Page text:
As if America’s opioid crisis wasn’t bad enough. Now, apparently, it has created yet another ripple effect across the country, with a visible rise in Hepatitis C cases. According to recent statistics, the United States’ overall rate of infections has more than doubled in the past decade. Even worse, there has has been a 300 to 400 percent jump among citizens under the age of 40.
For those unaware, Hep C is an infectious disease that primarily affects the liver. It has been commonly linked to cirrhosis and other debilitating diseases (such as cancer). It tends to be contracted through shared needles, which is where the opioid/heroin link comes in.
As mentioned above, the younger population has been credited for the Hep C uptick. Interestingly enough, research pulled from the Centers for Disease Control and Prevention showed that American women were also being infected at a higher rate. Additionally, there were “statistically significant” increases among the U.S. Hispanic and minority populations within the past 10 years.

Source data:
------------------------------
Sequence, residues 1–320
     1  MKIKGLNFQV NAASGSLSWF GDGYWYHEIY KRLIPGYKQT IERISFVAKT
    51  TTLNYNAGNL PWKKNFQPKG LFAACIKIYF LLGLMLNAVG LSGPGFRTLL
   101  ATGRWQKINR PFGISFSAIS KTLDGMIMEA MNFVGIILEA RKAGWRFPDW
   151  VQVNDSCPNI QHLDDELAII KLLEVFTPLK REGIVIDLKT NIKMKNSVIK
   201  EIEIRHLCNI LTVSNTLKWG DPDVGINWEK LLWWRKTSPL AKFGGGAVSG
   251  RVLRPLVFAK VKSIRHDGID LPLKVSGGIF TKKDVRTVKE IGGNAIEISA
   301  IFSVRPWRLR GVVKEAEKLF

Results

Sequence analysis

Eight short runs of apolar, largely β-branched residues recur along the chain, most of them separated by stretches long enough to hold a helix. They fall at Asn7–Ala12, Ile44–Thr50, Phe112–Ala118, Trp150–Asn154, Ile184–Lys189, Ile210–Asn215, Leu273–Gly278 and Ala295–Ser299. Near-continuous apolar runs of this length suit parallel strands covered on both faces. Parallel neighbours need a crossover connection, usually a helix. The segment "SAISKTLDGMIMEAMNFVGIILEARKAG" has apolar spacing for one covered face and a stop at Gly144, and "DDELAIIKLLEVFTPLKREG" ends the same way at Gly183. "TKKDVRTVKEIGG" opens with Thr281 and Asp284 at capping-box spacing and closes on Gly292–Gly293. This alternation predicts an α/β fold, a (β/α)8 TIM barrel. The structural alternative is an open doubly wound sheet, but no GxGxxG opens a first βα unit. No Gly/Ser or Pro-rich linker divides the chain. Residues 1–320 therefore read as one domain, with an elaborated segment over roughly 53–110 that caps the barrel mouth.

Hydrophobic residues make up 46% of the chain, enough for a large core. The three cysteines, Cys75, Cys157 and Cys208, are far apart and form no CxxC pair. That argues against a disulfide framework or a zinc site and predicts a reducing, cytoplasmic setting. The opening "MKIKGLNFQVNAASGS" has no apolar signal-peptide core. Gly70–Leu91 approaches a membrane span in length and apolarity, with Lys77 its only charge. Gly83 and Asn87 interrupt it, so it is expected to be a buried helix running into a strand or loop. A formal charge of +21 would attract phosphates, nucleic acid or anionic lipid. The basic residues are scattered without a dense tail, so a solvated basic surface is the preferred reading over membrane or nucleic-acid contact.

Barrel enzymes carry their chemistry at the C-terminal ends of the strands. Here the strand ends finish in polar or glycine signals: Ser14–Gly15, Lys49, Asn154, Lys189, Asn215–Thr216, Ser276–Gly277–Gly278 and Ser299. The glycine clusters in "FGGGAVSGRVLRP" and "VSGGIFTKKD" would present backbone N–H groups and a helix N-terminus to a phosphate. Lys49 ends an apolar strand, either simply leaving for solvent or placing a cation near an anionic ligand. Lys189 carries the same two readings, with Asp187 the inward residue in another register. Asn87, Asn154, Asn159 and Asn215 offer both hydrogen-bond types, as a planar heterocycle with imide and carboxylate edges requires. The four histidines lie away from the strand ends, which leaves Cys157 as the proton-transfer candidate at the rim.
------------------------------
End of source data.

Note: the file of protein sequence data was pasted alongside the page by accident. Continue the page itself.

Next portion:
CDC rep Jon Zibbell told Knox News that there was definitive evidence linking these numbers to the opioid crisis.
“At the time, Hepatitis C wasn’t being talked about as part of the opioid epidemic,” Zibbell told the outlet. “But this new data is really kind of a game changer.”
And as the crisis gets worse, Zibbell predicts that more cases will continue to emerge. One of the primary sources of Hep C infections are contaminated needles. Those in the grips of opioid or heroin dependencies are prime culprits of this, craving a high so bad that they’re willing to share syringes with fellow addicts.
Knox News also touched on another important point in their article. Issues like this most certainly affect America at large. For the majority of citizens who turn a blind eye and feel this epidemic doesn’t concern them, it’s time to think again. Zibbell went on to say that these Hep C issues will create “a big burden for the country’s health care system in terms of cost and manpower.” Something like that impacts everyone, via tax increases and doctor availability. There are also public health concerns, with the risk of outbreaks and contamination outside of the drug using community.
The good news is that Hepatitis C is curable, but doing so requires consistent treatment and a healthy lifestyle. With the direction the opioid crisis is heading in 2018, that sounds like a considerable challenge.